A new Lawrenceville store brings good news for bookworms who tend to read by the pound.

Now, they can pay that way, too.

“We’re trying to keep it interesting for book lovers,” said Cris Williams.

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Williams is one of four owners of Books by the Pound, a store that opened relatively quietly this past Saturday in the space where Staples used to be at 860 Duluth Highway. It’s a store that — as the name suggests — sells books by the pound.

“Our prices start at $3.99 a pound and go down the more you buy,” Williams said.

Customers can buy their first three pounds of books for $3.99 a pound, the second five pounds for $2.99 a pound and everything after that for $1.99 a pound.

The store is crammed with what Williams’ partner, Justin Krewatch, calls “gently used” books. They’re spread on low tables and divided into rough sections, not stacked as pristine as you’d find in a big-box bookstore.

Krewatch said some books come to them with slight creases or worn edges. Others are in mint condition. It doesn’t matter. They’re all for sale by the pound.

“It still has that element of kind of a book sale,” Williams said. “It’s kind of like we said in one of our ads — a book sale that never ends.”

At least, Williams, Krewatch and their partners, Kevin Shaw and Todd Harrison, hope the book sale never ends.

Books by the Pound is a three-month test store. If it moves enough product and makes enough money in that period, it’ll become a permanent store and the owners will start talking about expanding into other metro Atlanta locations.

The concept behind Books by the Pound is relatively untested. Williams said he’s aware there may be a few smaller stores around the country that operate on the same pay-by-the-pound principle, but the only one that came to mind sold books for about $7.99 a pound.

“I don’t think there’s anything at this scale or this inexpensive by the pound,” he said. “We might be the first to do that, that I’ve seen, anyway.”

If the new concept doesn’t grab the community’s attention in three months, the store will close.

“We just need to move a lot of product,” Krewatch said. “The numbers need to be working. People need to be filling up their baskets.”

Krewatch said he expects they’ll have a good idea of whether the store will survive by the end of the first month. But he and Williams don’t seem particularly worried.

They feel confident the concept makes sense from a business angle. Krewatch said it’s easier to sell thousand of books at a time when employees don’t have to individually price each one.

And the owners have thousands of books to sell. Some of the store’s books will come from trades. Customers can trade in old books for credits they can use toward buying new ones.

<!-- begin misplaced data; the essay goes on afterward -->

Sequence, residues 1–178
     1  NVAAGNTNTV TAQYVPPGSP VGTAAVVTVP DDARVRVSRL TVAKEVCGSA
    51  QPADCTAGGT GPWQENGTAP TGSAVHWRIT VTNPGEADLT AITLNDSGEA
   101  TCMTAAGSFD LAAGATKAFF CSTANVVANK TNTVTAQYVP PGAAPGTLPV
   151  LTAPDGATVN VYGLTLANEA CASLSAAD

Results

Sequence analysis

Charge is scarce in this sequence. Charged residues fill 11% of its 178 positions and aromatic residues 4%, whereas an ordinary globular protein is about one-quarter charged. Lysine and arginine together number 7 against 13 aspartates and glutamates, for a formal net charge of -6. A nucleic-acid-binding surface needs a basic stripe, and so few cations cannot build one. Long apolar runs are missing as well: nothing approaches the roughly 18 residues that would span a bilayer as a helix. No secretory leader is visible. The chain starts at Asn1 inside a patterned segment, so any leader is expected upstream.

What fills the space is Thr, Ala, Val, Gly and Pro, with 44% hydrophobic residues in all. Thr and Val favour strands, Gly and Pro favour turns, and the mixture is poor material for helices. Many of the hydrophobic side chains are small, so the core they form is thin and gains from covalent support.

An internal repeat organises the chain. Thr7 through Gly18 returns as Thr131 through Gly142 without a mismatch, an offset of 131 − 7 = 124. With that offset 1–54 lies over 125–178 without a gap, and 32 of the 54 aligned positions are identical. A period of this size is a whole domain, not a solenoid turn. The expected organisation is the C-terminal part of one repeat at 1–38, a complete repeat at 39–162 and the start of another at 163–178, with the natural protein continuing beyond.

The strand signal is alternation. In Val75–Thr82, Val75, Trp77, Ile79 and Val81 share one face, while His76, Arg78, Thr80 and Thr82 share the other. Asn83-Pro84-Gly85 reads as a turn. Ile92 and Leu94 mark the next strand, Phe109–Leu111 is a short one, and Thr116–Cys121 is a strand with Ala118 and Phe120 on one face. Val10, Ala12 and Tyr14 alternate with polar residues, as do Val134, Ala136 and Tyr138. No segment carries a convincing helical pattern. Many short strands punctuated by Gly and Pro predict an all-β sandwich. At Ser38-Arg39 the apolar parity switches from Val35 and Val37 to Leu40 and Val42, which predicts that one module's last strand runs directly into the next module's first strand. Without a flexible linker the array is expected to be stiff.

But a vast majority of Books by the Pound’s stock will come from products their parent company can’t sell online.

Books by the Pound is owned by AmeriFolio, LLC, which has a warehouse in Suwanee and has been selling books online since 2014. A bookstore has been in the works for years as a way to move books they can’t sell online or that might sell better in person.

“We have a lot of books that come through our doors. Several truck loads a week,” Williams said. “So, what we do is we put them online for sale. But you can only have so many copies of a book online at one time as a company.”

Now, the extra books go to the store, where they’re sold cheaper than they would have been online.

“So, if you look at the books that are online now, I think the cheapest prices are around $4, even for a penny book by the time you pay for shipping,” Williams said.

Krewatch said that makes the concept just as beneficial to the customer as it is to the company.

“From the customer’s side, it’s nice to walk into a store where you’re not going to be disappointed because you pick up a book that you want and it’s way too expensive,” Krewatch said. “You know the lay of the land when you come in. You can really have at it.”

Georgia Gwinnett College students Christian Ruiz and Antonio Pereira enjoyed that benefit so much Wednesday that they came back Thursday, this time with friend Kris Pena in tow.

“We think it’s really cool. We decided to come in because we saw the sign that said ‘Books by the Pound,’ so we wanted to see if it was really by the pound and it is,” Ruiz said.

The three can also benefit from a 10 percent discount the store is offering to students, teachers and military personnel. If it gets to stick around, Williams said the store would eventually stock the books students needed as supplemental reading in a different section, making it easy and cheap for students to find the books they needed.

Pereira had already picked up some books his younger brother needed for high school. Both he and Ruiz said they’d be back for their supplemental reading.

“This would have been great to have when we were in high school, too,” Ruiz said.

Williams and Krewatch both said they’ve received feedback similar to that from customers since Saturday. That’s why they feel optimistic the store will work, so far.

“People need affordable and they need simple,” Krewatch said. “And we just thought this was the way to do that.”

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